Mystic Seaport visitors are always commenting on the authenticity of the Museum’s village. Many believe this is how the grounds things looked in the 19th century. Well, it’s not. Most of the buildings are authentic, but have been brought in from other lcoations. For example, the Buckingham-Hall House was originally located on the Connecticut River. The land was being cleared for a bridge to be built and the “Buck” was in danger of meeting a wrecking ball. Museum officials swooped in and managed to save the home and had it transported to Mystic Seaport on a barge before putting it in its current location.
In fact, did you know that the current village grounds were originally home to a working shipyard? The Greenman Brothers Yard previously stood on part of the land the Museum sits on. The three brothers owned homes that are still on the grounds, one of which is open for visitors to explore. The road Mystic Seaport is located on is commonly known as Route 27. Locals, however refer to it as Greenmanville Ave. The three brothers had such a prominent business and influence on the community that this area of Mystic was even called Greenmanville! The Mystic area in general was a prominent shipbuilding community with more than a dozen shipyards lining the shores of the Mystic River during the nineteenth century.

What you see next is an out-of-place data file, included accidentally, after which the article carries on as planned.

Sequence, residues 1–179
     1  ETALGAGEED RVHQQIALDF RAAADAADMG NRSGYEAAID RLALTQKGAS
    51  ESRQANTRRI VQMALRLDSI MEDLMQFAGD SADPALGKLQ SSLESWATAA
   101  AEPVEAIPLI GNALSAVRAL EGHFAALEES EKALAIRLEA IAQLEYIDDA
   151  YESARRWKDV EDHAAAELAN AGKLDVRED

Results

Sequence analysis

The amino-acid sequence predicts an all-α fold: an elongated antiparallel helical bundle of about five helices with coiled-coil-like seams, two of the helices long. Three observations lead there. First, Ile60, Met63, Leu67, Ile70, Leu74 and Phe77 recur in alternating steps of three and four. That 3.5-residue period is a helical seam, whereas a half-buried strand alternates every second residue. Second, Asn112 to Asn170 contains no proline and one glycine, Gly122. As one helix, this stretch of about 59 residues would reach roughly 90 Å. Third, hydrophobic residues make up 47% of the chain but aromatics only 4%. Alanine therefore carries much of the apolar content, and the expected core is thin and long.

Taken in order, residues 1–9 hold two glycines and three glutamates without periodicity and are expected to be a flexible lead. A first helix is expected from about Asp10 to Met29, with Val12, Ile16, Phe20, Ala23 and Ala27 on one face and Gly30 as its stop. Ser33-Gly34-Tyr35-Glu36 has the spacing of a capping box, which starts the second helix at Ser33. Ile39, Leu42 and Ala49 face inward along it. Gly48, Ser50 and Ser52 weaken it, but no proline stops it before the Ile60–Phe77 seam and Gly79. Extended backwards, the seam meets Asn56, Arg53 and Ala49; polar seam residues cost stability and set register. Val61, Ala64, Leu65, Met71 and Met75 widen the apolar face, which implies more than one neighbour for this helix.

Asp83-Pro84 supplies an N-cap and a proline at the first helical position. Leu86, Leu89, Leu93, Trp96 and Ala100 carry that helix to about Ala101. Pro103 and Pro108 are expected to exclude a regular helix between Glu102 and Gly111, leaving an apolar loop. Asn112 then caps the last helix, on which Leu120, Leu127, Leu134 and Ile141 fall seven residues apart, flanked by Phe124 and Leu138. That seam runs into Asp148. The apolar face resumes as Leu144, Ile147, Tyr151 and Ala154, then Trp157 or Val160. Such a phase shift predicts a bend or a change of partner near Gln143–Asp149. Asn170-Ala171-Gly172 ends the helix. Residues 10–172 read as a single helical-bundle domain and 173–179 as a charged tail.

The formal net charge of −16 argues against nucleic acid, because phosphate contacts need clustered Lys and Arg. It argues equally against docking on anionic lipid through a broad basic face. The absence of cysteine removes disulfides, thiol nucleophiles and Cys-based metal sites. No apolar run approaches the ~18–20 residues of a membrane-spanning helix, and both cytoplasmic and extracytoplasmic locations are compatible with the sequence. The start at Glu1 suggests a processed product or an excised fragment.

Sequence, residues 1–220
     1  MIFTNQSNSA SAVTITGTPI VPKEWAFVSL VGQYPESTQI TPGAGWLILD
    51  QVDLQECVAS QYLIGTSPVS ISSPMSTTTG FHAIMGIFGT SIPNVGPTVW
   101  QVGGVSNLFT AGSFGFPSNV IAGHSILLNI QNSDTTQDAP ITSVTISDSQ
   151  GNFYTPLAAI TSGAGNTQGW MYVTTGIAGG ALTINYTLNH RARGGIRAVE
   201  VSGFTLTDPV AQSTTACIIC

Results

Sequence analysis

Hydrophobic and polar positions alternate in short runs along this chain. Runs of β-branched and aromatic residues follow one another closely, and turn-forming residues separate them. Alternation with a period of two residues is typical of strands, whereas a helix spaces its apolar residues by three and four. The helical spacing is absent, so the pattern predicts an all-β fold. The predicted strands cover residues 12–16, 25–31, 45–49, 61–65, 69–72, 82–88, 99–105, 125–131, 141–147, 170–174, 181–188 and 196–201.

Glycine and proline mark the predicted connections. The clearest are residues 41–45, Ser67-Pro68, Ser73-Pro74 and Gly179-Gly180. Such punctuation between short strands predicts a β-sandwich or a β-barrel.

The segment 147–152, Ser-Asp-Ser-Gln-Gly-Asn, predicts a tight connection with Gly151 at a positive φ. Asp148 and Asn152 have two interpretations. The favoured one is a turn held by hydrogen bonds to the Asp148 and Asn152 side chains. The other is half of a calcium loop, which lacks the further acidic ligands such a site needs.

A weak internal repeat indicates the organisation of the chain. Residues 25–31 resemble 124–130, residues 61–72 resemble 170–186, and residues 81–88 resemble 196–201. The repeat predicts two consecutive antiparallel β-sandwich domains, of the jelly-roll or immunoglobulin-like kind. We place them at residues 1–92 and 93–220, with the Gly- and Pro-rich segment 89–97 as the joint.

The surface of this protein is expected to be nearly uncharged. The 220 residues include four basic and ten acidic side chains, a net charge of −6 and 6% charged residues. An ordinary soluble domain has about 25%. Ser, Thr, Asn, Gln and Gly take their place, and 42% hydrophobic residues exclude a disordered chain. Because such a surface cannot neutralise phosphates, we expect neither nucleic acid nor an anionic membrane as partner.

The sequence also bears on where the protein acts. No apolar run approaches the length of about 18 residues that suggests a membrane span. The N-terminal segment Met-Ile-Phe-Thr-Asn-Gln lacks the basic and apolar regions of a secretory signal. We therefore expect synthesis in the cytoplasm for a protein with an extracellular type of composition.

Old photographs, stories and written materials can tell you about what Mystic was like in the past. However, Mystic Seaport has a much better option to offer.
Perhaps the Museum’s best kept secret is the Mystic River Scale Model. To better enjoy the Museum or absorb the deep history of the Mystic area, make the Scale Model your first stop on your next (or first) visit.
Arthur Payne, was the “imagineer” that created the Model. He began his work in 1958 and he continued to work on his little “Mystic” until his death in 2006 . He would often refer to the model as his life’s work.
There was a short hiatus in construction when funding had run out, but Arthur continued sketching and researching. In 1986, he began volunteering his time of about 30-40 hours a week in the model and countless other hours at home sketching, researching and constantly perfecting every minuscule detail.
Though Arthur was never able to finish the model before his passing, his legacy continues to live on. Volunteers work hard to maintain the integrity and perfection that he strived so hard to maintain. Even his daughter, Anny, comes to lend a hand in the small world to carry on her fathers dream.
The model is scaled to 3/32′, which is equivalent to one foot. It’s hard to imagine having to etch, carve and paint such delicate detail
The famous clipper ship David Crockett can be seen on the river along with other boats that were original to the area. Main Street (which runs straight through downtown Mystic) still has the famous drawbridge. However, instead of the bascule bridge that sits there now (with large weights to assist in opening it,) a bridge that is attached to an oxen team is in its place. The oxen would pull the bridge open to allowing ships to pass through. On the shore, real life is depicted among the houses. People are going about their daily business and animals are even shown roaming fields.
The volunteers painstakingly look over every “little” detail, including the small animals, details on the houses and the people in the model. Even the boats are rigged accurately and show incredible detail and workmanship.
Yankee Magazine featured the Mystic River Scale Model in its September 2008 issue. For a slide show of other images not shown here, please visit http://www.yankeemagazine.com/slideshow/mystic.php.